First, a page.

Last week I was given the opportunity to visit The Palace of Westminster. Having only developed an interest in politics in the past couple of years, I’d never really considered venturing down to the home of British politics before. I was therefore excited and intrigued when I was invited by SiP on a trip to Westminster. And despite a criminally early start, I left London feeling inspired after an insightful, and, occasionally bizarre, day.
We arrived into London mid-morning and after a meticulous security check, we grouped in the oldest of the Westminster buildings, Westminster Hall. Built in 1100, the Hall was almost 800 years older than the rest of the parliamentary buildings, which I later learnt had burnt down during the Great Fire of 1834. It was here in Westminster Hall that we met our tour-guide who showed us around the various lobbies, chambers and galleries of the Palace.
The beginning of our tour coincided with the opening of the House of Commons. This meant that we were able to watch a strange parliamentary tradition which involved a ceremonial mace being slowly carried into the House of Commons. This ceremony marked one of the only quiet occasions throughout the day.
The feeling of the rooms varied greatly throughout Westminster. Some of the rooms were grand and ornate and at times I felt as though I was walking through Hogwarts. This feeling was only compounded by the eerie paintings of past monarchs and lords that lined the walls. The grandeur of the building was epitomized by the Queens Robing Room, a changing room used by the Queen once a year for the State Opening of Parliament, which was bigger than my 4-bedroom house. Other parts of the building were much more humble and modern.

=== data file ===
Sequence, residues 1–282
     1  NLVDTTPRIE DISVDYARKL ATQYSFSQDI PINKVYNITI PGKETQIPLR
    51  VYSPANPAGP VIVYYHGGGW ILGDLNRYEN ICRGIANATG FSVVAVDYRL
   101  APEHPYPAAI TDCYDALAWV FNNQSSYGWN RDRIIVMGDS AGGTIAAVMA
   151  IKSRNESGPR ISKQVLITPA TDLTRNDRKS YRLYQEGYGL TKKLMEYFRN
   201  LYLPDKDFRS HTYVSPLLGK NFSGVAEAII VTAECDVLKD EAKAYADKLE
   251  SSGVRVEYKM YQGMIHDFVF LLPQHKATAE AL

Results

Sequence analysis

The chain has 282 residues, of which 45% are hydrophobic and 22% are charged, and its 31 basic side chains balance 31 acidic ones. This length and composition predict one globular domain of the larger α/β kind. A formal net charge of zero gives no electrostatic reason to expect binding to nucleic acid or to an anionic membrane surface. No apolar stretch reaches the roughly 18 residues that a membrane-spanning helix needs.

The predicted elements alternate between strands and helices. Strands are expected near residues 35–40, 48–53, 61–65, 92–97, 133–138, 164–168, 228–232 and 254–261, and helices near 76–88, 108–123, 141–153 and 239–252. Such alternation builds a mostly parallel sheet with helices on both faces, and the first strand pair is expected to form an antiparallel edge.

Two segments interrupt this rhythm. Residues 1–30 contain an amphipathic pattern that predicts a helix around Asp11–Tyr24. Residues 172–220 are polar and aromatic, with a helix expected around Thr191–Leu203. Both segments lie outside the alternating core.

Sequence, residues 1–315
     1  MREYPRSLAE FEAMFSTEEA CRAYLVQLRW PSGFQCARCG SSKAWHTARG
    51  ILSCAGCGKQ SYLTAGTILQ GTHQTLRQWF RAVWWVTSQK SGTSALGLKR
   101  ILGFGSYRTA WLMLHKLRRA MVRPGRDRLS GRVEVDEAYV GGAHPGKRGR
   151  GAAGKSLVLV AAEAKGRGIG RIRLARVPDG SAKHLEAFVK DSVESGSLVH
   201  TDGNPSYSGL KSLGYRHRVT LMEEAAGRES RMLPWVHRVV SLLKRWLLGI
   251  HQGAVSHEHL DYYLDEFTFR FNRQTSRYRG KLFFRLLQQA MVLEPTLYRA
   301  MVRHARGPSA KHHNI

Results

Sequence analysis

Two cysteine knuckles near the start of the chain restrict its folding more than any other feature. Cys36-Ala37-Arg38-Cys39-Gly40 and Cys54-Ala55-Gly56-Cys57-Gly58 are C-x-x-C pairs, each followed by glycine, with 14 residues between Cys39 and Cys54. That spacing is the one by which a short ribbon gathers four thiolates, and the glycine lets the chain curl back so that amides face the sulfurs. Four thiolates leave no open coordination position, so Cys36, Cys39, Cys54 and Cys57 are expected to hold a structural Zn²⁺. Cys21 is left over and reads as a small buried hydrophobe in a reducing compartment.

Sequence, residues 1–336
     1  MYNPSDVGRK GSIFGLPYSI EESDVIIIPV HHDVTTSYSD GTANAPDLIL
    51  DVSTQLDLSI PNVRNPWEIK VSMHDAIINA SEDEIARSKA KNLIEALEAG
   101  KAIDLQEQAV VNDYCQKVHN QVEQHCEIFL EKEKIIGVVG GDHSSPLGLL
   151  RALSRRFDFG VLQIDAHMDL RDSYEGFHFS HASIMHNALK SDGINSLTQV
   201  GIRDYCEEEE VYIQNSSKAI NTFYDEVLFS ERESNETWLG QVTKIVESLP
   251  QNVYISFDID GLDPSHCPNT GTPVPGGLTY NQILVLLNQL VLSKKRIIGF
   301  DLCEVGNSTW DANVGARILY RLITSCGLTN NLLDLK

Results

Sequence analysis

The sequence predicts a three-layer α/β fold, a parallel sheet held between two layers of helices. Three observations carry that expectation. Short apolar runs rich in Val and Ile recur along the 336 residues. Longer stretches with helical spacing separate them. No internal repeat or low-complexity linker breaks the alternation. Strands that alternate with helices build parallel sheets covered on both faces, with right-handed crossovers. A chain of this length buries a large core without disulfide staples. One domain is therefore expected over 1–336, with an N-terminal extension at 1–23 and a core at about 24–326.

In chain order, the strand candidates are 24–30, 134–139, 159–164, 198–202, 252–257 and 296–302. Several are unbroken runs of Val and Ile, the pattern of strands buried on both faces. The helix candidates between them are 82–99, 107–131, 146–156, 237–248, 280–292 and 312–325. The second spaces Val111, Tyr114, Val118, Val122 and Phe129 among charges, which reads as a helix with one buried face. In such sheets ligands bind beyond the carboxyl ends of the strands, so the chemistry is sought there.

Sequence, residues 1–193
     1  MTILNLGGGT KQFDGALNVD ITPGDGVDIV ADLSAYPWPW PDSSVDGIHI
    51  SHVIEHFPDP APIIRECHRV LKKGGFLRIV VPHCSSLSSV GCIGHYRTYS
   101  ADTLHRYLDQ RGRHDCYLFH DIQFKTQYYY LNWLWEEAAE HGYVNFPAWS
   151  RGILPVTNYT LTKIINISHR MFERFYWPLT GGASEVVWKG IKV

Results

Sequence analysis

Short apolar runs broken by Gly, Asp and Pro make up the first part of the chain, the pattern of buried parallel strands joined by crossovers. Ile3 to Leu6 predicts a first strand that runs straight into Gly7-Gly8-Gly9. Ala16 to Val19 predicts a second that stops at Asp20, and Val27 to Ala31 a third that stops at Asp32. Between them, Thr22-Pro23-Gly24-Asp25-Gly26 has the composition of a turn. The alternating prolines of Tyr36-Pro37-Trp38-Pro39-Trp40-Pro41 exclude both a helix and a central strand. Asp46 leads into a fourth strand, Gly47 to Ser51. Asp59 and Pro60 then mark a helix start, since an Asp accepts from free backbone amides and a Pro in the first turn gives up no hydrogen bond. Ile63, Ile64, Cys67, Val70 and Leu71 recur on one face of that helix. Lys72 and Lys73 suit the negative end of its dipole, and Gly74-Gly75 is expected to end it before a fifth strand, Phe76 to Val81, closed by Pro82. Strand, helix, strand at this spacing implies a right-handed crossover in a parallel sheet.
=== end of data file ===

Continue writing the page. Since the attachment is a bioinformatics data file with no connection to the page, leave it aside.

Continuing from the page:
Following the tour we met our local Labour MP, Paul Blomfield, who had encouraging things to say about the political process. He emphasised the difference that can be made by MPs in Westminster when pushed by constituents or informed by scientists. The meeting was interesting and I left feeling positive about the potential difference I could make in the future.
As the day was coming to a close we headed over to House of Commons to watch a discussion on transport. Our walk was interrupted by the sound of bells ringing throughout the corridors. My doubts about whether this was a fire alarm were quashed when politicians, Harriet Harman among them, began pouring down the corridors. This bell turned out to be the Divison Bell which is rung to call MPs to the chamber to vote.
I thoroughly enjoyed my visit to Westminster and I would recommend the trip to everyone. Not only did it open my eyes to the role of an MP, it also changed my perception of parliament and made me feel closer to the political process. Perhaps most importantly, though, I arrived back home in Sheffield feeling positive about the impact that I could have on policy in the future.